Why Joint Replacements are Lasting Longer

When is the right time to have joint replacement surgery? The answer isn’t cut and dried.

A few years ago, the age of a potential joint replacement patient was an important consideration due to the relatively short life of implants. But the number of Americans choosing to have the procedure is increasingly moving toward a younger population thanks to medical advances in artificial joints and improvements continue to be made in the implant products in use.

“The current materials used for joint replacements have increased resistance to wear and tear so greater longevity of implants is being seen,” explains Karim Elsharkawy, M.D., an orthopedic surgeon on the medical staff of Texas Health Plano and with Texas Center for Joint Replacement, a Texas Health Physicians Group practice. “I use 15 to 20 years as a general guide when I’m talking with a patient about a possible hip or knee replacement. The down side here is that the longevity of artificial joints has yet to be fully evaluated in younger patients who often return to a greater level of physical activity after surgery.”

For this reason, the American Association of Hip and Knee Surgeons relies more on the annual failure rate in accessing how long a joint replacement will last. Current data suggests that both hip and knee replacements have an annual failure rate between 0.5-1.0 percent. This means that if a person has a total joint replacement today, they have a 90-95 percent chance that the joint will last 10 years, and an 80-85 percent chance that it will last 20 years.

Dr. Elsharkawy points to research reported in the medical journal Lancet in February 2019 for some added perspective. Researchers conducted an exhaustive review of joint replacements in Australia, Denmark, Finland, Norway, Sweden and New Zealand and found encouraging results:

  • The researchers followed nearly 216,000 hip replacement patients for 15 years. They also tracked 74,000 for 20 years and more than 51,000 patients for 25 years. Nearly 60 percent of the hip replacements ― or nearly six in 10 ― lasted 25 years, 70 percent lasted 20 years and almost 90 percent lasted 15 years.
  • Total knee replacements lasted even longer in the 300,000 patients tracked for 15 years. Of those who had a total knee replacement, 93 percent lasted 15 years. The same was true for about 77 percent of patients who had a partial knee replacement. They also followed 80,000 patients for 25 years and 92,000 patients for 20 years: 82 percent lasted 25 years and 90 percent lasted 20 years.

 

What Makes an Artificial Joint Last?

Orthopedic innovators are always looking for ways to improve the outcomes of total joint replacement surgery. What has changed over the past few years is that a better process has evolved for making the plastic (polyethylene) material from which artificial joints are made. “Plus, where we once solely used metal and plastic for the joints, we are now using ceramic materials (for total hip replacement) and much more durable polyethylene materials,” Dr. Elsharkawy adds.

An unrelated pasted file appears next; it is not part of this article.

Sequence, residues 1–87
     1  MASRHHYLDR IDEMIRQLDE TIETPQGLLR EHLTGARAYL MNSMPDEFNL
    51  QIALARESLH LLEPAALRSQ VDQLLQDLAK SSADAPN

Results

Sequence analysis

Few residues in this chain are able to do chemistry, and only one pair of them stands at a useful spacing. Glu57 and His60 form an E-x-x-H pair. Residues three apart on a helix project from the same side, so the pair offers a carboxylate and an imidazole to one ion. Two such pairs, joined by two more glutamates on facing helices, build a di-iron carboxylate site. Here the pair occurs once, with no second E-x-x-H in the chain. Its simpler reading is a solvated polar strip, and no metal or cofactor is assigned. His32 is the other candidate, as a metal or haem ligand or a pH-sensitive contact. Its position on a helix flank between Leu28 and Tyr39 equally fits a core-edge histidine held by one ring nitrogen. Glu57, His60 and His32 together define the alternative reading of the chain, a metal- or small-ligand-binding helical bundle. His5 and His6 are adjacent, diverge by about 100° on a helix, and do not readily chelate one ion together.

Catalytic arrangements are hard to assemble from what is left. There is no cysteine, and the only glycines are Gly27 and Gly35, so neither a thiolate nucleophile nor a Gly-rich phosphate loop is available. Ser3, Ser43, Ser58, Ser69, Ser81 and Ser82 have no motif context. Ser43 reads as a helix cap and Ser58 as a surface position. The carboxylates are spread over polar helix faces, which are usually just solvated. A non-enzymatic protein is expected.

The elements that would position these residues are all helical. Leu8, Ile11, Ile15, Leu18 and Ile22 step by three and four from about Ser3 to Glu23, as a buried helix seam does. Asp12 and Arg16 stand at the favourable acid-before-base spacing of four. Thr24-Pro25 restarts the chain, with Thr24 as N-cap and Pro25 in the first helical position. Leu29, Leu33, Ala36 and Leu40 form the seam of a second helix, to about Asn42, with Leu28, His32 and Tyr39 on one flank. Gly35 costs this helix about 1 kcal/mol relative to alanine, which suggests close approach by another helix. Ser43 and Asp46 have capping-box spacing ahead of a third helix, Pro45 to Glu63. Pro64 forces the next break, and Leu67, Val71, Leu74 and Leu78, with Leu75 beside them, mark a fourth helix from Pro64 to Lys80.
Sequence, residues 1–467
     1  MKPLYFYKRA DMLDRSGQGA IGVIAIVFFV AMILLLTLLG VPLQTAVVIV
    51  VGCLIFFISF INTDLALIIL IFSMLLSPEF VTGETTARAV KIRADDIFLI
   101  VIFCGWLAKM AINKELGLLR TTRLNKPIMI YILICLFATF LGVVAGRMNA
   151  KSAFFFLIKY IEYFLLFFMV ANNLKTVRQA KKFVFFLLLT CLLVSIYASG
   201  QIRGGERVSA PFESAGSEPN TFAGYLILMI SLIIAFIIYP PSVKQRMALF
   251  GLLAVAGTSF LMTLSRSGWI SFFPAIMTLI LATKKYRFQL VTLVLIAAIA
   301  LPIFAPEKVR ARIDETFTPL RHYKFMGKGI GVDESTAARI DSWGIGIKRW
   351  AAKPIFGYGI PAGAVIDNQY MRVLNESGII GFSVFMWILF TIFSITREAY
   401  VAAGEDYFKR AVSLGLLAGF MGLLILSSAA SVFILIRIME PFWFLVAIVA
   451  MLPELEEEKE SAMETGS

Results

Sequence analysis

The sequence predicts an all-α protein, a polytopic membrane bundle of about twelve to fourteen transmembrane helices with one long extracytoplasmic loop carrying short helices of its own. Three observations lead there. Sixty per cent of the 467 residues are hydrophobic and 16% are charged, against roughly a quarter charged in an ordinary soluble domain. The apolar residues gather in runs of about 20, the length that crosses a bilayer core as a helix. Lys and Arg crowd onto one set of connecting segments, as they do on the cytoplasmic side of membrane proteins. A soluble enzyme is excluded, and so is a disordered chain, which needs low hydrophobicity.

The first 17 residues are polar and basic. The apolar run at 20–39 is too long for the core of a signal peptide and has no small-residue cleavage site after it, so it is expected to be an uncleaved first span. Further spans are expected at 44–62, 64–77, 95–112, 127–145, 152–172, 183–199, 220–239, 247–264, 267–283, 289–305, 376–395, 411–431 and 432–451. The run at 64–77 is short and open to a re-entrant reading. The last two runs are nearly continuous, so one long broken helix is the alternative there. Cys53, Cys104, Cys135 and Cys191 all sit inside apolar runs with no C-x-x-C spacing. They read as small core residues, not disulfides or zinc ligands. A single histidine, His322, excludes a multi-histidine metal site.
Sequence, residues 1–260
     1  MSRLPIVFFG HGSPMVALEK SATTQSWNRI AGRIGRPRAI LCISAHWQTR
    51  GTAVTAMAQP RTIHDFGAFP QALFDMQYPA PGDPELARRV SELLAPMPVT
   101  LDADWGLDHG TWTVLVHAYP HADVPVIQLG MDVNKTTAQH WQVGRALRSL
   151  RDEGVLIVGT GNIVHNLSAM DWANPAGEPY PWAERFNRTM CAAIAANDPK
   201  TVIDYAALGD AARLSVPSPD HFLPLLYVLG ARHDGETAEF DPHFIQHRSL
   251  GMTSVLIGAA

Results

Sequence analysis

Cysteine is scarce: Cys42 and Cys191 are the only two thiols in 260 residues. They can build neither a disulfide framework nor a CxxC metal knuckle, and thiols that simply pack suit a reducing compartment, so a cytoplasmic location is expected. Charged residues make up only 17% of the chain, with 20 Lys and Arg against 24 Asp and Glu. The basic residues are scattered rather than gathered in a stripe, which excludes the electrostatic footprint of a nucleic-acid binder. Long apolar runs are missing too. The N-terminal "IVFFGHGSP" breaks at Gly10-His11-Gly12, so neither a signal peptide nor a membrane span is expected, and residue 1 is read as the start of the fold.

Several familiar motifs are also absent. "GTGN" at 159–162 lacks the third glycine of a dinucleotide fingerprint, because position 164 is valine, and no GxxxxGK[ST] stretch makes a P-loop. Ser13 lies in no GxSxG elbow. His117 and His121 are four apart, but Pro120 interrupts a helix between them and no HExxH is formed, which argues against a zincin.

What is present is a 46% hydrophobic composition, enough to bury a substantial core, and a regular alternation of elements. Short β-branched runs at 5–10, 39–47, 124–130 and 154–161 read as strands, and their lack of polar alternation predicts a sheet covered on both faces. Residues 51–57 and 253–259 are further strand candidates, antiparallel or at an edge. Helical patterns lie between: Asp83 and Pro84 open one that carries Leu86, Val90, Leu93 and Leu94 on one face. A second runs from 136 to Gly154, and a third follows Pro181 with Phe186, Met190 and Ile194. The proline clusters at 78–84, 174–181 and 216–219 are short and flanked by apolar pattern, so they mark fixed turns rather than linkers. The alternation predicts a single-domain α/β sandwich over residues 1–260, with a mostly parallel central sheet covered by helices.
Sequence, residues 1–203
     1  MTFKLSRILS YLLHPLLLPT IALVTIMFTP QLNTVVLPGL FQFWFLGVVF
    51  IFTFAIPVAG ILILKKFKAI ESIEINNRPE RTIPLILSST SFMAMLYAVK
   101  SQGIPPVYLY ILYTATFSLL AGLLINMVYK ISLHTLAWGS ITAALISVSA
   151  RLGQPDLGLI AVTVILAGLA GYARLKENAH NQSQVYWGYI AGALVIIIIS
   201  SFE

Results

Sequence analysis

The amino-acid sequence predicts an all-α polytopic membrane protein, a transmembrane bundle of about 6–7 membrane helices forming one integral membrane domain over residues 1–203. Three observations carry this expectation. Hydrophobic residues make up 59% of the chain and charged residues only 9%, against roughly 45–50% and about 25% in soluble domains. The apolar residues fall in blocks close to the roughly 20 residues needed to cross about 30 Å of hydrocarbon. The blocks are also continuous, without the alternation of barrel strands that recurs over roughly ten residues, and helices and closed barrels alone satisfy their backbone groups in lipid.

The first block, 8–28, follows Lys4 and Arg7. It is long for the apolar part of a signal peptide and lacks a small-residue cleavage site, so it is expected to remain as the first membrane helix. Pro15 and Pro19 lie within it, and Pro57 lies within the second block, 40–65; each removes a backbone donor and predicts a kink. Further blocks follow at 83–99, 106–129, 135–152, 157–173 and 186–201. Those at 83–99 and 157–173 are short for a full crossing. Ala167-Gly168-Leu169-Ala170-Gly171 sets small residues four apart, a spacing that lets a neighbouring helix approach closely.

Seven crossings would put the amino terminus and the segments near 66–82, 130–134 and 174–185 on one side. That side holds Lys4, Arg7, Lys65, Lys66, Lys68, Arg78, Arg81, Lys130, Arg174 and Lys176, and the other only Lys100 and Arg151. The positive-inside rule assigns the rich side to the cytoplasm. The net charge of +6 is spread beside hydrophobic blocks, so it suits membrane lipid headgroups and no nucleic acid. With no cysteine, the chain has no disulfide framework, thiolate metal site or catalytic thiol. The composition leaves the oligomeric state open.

“There have also been other improvements in hip and knee implants. We are now using ‘press-fit’ or ‘cementless’ implants, especially for hip replacements. It’s a process that allows the bone to grow onto the prosthesis for a much better hold than cement. For knee implants, cement is still more often used. However, the press-fit technology has been introduced over the last few years with promising results.”

 

Do Surgical Advances Account for Greater Longevity?

Elsharkawy says the answer is yes. Better technology, such as advanced imaging and robotics, is being used to measure replacement components. The capability to check the measurements of these components is especially useful for hip replacements.

“If components are in an awkward position, that affects the longevity of the implant,” he says. “Placing the implants in a more accurate, reproducible and balanced position has a positive effect on the durability of the replacements.”

 

How to Extend the Life of a Joint after Surgery

Although running a marathon soon after joint replacement surgery might not be the best thing to do, Dr. Elsharkawy recommends patients generally go about their daily lives. “We tell our patients to be careful in performing repetitive, high-impact activities immediately after surgery, especially if they are 50 years or older. This doesn’t mean that the recovering patient can’t play sports or move. Movement helps the body recover.”

“Joint replacement innovations are making artificial joints last longer over time. Better component technology and medical advances are two reasons why joint replacement surgery is one of the most popular procedures in medicine. It’s why more people, and younger people, are choosing to live with a new joint.”

Find a joint replacement specialist today who can assist with your joint pain. Or to learn more about your joint health, take our hip and knee health assessment.

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